Creditors are often sympathetic provided they feel they are getting open, honest communication and they are being treated fairly. Suppliers often appreciate that business isn’t always plain sailing and many might be prepared to agree to payment plans for historic debts. However, it’s important that any information that is provided is accurate and plans put forward are achievable. Otherwise the directors risk losing that goodwill and trust will be undermined.


  1. Dealing with creditor pressure

Whilst there are some temporary restrictions in place on what legal action creditors can take to recover money, dont ignore threats of winding up petitions or creditors taking legal action to recover debts.

If engaging with creditors does not work there are other steps that can potentially be taken to rescue the business, including formal insolvency procedures like company voluntary arrangements (“CVAs”). Take advice from your lawyer or a licenced practitioner as early as possible. The earlier the business takes advice, the more options are likely to be available.


  1. Tighten up credit control procedures

Customers might also find the next few months tough and collecting in money might become more challenging.  Having robust credit control procedures will help to collect debt quicker and easier.

Look at how the business gives credit to its customers – what steps can be taken at the start of each contract to check whether the customer is good for the money? How are credit limits set? When are those credit limits reviewed? What investigations are undertaken into a customer’s financial position and how often? What contractual terms are in place and could those terms be tightened up to put the business in the strongest position to get paid? When accounts are overdue what steps are taken to chase up payments and when?  Under what circumstances should debts be referred to external debt collection lawyers or agents?


  1. Dealing with insolvent customers

Unfortunately, some customers may themselves become insolvent. Not only might this increase the risk of the business not getting paid, it is also likely to impact on cashflow going forward.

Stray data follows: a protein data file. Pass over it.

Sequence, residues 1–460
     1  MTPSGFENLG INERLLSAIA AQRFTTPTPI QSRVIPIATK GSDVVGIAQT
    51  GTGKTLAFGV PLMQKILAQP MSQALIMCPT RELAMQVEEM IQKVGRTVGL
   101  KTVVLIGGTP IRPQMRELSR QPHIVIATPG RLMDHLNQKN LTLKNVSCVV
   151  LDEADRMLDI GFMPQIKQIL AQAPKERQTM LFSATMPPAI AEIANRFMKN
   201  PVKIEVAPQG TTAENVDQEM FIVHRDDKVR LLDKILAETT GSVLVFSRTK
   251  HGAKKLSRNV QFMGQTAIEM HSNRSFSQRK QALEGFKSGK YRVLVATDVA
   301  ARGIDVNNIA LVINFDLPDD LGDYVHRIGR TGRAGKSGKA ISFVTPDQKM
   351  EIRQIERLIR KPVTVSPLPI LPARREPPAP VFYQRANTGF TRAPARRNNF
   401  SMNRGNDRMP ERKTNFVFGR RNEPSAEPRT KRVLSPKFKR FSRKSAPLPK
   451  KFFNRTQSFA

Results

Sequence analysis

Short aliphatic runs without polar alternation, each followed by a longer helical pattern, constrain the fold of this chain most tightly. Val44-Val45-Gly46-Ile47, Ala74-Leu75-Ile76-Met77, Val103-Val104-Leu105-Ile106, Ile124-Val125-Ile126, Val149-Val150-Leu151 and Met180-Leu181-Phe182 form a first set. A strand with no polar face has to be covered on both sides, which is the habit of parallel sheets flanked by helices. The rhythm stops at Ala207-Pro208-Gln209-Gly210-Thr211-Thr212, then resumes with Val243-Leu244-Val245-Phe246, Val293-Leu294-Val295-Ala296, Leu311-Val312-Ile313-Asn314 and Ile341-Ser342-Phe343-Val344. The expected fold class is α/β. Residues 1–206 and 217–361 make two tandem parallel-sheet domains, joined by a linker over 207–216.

For suppliers to a business that has gone into a formal insolvency process, there are also restrictions on the ability to terminate that contract. see Supply contracts: the new rules on termination – pro-manchester ( for more information.


  1. Think about how directors get paid

In many owner-managed businesses, directors are not paid a significant salary but instead are paid mainly by way of dividends – directors pay themselves a set amount each month with a dividend being formally declared at the end of the financial year out of the profits the business has generated.

During the pandemic lots of businesses have continued to pay directors in the same way notwithstanding that the business is no longer making a profit. This could mean that the company is simply not able to declare a dividend at the of the year. This in turn risks leaving the director having to re-pay the money that’s been paid to them, especially if the company later goes into liquidation or administration.

If you are normally paid by way of dividends but are concerned that the business will not make a profit, speak to your accountant or other financial advisor.


  1. Get early advice

Insolvency professionals are not just there to sell or shut down a business. They also help businesses to access funding, engage with creditors, understand the true cash requirement, restructure the business and generally help get the business in the best possible position to weather the storm without going into any sort of insolvency process.

The earlier a business engages with a licenced insolvency practitioner or a specialist insolvency lawyer, the more options the business will have and the more likely it is that the company will survive.  It might sound dramatic, but getting early advice can often be the difference between a business surviving or ultimately being forced to close.